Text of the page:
Haitian Statesmen and the African Presence in Jean-Jacques Dessalines' Empire

Friday, January 4, 2019: 10:30 AM
Spire Parlor (Palmer House Hilton)
Nathalie Frédéric Pierre, The Spence School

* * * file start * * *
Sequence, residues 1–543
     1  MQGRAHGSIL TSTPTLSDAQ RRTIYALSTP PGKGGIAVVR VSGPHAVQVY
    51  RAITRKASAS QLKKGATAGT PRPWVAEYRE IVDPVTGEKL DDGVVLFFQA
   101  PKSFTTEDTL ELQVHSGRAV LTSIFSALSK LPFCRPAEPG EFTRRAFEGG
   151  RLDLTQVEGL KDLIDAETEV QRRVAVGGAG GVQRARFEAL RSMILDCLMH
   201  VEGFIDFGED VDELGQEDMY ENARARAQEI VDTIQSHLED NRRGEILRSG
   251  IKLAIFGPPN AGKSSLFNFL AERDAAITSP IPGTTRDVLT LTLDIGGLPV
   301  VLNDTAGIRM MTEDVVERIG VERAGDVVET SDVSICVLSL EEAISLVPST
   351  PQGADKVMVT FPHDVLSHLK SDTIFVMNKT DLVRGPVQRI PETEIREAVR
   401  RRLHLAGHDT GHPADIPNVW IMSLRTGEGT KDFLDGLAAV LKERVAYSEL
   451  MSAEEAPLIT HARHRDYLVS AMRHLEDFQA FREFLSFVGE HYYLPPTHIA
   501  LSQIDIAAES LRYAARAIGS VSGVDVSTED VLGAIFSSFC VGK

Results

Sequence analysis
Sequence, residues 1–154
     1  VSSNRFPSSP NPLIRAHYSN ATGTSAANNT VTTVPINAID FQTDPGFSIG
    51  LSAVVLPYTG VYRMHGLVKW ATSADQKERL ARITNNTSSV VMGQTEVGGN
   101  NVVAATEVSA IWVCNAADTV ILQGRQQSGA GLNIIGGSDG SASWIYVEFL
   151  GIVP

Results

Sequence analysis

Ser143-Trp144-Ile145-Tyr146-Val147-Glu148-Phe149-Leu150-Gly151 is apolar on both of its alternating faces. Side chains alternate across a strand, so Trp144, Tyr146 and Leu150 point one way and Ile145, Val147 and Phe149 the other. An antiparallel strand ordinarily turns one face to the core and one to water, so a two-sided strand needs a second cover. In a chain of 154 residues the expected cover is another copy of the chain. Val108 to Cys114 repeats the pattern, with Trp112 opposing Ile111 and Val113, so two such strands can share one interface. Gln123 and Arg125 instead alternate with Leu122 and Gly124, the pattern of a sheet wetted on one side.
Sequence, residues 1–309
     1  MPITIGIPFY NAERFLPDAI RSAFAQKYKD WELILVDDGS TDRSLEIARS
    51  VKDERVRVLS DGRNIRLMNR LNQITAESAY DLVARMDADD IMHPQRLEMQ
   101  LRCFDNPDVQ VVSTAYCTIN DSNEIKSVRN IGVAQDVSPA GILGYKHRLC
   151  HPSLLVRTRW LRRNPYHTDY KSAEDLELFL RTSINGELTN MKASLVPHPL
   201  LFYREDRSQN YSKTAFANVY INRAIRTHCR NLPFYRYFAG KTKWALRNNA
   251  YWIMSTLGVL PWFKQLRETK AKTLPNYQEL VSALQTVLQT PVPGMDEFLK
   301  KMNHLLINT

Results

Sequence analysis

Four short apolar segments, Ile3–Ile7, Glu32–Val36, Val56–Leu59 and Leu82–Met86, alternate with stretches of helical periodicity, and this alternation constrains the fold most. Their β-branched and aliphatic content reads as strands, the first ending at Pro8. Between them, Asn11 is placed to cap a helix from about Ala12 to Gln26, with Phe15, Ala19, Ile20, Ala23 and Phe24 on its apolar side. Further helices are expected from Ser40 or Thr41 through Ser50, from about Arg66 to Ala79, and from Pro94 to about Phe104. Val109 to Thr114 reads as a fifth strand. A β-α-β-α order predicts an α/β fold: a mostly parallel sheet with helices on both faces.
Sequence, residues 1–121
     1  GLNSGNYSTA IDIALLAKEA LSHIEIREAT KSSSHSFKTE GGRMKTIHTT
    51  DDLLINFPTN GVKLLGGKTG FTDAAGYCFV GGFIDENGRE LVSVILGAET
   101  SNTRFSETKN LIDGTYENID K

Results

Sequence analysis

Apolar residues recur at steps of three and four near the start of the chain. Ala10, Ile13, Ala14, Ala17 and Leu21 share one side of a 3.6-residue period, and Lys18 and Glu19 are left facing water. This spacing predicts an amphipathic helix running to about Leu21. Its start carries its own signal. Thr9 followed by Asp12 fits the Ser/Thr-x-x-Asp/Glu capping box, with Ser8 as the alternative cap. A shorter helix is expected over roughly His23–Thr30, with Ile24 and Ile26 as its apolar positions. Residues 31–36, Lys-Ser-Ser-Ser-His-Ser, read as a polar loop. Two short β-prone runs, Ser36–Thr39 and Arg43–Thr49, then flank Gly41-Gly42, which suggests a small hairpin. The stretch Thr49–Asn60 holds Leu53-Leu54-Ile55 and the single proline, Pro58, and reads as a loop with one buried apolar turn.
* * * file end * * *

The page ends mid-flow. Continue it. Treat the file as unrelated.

The Haitian Revolution, 1791-1804, is a watershed moment in the entangled histories of human rights, American decolonization, and the restructuring of European empires. During the first quarter of the nineteenth century, Haitian statesmen continued to agitate against slavery within their perceived borders, while experimenting with popular modes of governance circulating across the Atlantic World. This paper examines how Haitian statesmen formed governments they thought would suit the needs of a postemanciption society within an enslaved Atlantic world. It seeks to understand what ideas of government resonated among formerly enslaved and mixed-raced generals who were now the country's leaders and legislators. It demonstrates the need for a new periodization of the Haitian Revolution that extends past 1804 to account for the reintroduction of slavery in territories included within Haiti’s political imagery. It argues that in seeking to promote, what in Latin America would be known as “racial harmony,” Haitians established the most nationally-diverse government of the early nineteenth century world.
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